We take all concerns raised with us about the performance of our network very seriously. Anyone attending this event can be reassured we hear their concerns and are working hard to improve our performance, with our customers and the environment at the heart of all we do.
Bathing waters are the cleanest since Environment Agency (EA) testing records began. Of the 83 beaches in Southern Water’s area, 62 are rated good or excellent and none are below acceptable standards. We are spending £2 billion on our infrastructure and the environment, to serve our customers, the environment and boost local economies around our 700 miles of coastline.
Reports about E Coli levels based on unofficial testing can undermine peoples’ confidence in official, independent testing and reporting. The EA website reports on the levels of E Coli in bathing waters and has clear parameters in place for safety. E Coli is a very large family of bacteria which occurs frequently in sea water. Very few strains are harmful to humans.
E Coli in sea water can be due to seagull and all bird droppings, dog waste, agricultural run-off, and litter from beaches. Wastewater can also enter the water via shipping vessels and leisure boats. Even bathing water samples taken and rated excellent through the Environment Agency’s independent bathing water testing programme will contain levels of E Coli, because it comes from a wide variety of sources.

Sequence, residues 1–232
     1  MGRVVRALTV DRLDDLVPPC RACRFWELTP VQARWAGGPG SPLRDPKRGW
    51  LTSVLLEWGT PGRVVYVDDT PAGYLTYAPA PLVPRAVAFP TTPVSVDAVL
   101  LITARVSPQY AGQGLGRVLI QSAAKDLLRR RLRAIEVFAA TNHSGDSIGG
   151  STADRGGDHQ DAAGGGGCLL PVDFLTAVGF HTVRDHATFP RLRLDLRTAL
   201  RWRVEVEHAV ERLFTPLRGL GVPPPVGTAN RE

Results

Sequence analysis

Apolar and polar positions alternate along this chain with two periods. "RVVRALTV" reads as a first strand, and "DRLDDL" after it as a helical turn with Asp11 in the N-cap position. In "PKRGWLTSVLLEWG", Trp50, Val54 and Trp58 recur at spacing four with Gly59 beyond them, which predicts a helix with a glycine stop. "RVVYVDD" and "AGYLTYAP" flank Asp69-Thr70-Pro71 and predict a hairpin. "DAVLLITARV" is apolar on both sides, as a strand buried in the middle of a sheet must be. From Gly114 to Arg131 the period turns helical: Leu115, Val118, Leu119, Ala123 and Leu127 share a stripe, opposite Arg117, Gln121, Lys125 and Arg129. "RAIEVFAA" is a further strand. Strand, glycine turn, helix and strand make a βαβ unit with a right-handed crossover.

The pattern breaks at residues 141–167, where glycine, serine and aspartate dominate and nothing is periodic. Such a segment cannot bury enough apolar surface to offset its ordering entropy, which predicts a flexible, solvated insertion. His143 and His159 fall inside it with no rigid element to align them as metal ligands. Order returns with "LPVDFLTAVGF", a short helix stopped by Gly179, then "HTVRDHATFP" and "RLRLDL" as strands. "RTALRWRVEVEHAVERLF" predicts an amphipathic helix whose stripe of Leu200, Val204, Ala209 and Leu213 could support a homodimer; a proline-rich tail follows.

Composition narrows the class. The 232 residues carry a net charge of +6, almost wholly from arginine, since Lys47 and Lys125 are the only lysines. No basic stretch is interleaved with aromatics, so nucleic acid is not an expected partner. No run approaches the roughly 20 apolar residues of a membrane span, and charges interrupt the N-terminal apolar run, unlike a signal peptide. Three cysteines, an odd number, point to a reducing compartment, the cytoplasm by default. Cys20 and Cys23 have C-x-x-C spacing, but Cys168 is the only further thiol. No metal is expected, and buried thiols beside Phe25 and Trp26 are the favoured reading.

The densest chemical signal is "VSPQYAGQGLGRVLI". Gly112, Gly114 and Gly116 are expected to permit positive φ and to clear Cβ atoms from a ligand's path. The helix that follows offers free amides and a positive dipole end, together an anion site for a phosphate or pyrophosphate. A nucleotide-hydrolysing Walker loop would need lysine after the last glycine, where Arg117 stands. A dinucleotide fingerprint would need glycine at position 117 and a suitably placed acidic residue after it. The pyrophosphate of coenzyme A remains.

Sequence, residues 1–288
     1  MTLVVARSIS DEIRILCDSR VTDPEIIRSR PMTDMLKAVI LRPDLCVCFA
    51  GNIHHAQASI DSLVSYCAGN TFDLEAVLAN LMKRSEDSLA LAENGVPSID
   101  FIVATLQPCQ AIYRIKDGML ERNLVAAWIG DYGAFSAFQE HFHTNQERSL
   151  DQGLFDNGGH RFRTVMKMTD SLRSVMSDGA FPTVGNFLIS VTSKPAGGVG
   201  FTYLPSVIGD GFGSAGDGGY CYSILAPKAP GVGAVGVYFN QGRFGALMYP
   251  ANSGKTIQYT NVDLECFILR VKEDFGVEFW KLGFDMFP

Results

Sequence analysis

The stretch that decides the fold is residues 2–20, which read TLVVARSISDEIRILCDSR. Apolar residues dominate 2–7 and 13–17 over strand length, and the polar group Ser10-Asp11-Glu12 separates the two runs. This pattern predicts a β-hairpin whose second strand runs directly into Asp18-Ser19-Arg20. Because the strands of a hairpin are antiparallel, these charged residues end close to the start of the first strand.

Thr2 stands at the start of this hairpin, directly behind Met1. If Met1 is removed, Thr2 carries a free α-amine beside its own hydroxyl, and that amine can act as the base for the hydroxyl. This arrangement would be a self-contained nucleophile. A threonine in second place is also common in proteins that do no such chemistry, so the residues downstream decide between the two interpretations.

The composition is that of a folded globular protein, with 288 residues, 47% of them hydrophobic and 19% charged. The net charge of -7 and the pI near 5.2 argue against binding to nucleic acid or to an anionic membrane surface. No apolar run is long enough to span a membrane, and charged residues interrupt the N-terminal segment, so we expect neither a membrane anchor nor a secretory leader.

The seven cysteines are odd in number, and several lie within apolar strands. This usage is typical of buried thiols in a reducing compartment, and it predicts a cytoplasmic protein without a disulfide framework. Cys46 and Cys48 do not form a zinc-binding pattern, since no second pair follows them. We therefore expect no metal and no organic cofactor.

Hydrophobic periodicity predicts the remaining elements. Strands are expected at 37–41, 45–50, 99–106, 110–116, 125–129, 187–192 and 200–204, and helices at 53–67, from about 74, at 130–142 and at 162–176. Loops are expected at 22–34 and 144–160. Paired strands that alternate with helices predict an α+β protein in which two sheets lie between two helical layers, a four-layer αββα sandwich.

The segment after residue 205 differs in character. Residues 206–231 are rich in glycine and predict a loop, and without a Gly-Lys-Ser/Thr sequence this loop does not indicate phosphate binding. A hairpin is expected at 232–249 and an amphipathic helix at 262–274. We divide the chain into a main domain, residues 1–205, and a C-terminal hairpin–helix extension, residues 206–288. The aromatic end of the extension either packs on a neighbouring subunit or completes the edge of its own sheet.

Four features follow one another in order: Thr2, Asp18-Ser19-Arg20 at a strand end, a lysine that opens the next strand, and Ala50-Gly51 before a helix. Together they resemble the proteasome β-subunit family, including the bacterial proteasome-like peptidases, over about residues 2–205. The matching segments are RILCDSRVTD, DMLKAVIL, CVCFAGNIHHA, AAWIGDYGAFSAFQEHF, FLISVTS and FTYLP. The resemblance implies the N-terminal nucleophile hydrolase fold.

Storm releases during intense periods of rainfall are made through long sea outfalls usually around 2km out to sea and are not raw sewage. They are often more than 95% rainwater. Storm releases operate to protect customers’ homes, schools, hospitals and businesses from flooding and they are tightly regulated by the EA.
We are working towards reducing our reliance on storm releases as quickly as possible. There are huge challenges to overcome from climate change, which we know is going to increase the frequency of intense rainfall events. The population of our region will have increased by 15% in the next 25 years.
We are pioneering a new approach, building more storm tank capacity where it will have an impact, and prioritising partnership working to prevent rain from reaching our systems through sustainable drainage, water gardens and major natural capital solutions such as enhanced and expanded wetlands.
Our industry-leading pollution reporting and online storm water release portal, Beachbuoy, is are evidence of our commitment to openness and transparency. We accept and support the public’s call for these practices to change and we are working towards this common goal in partnership with our whole sector, government and a broad range of national and local partners. We are determined to reduce pollutions by more than 50% by 2025.
We invite those involved with the protest to meet with us to hear about our work, our investment and our commitment to improve service to our customers and discuss ways to work together to achieve a goal we share, to protect the environment.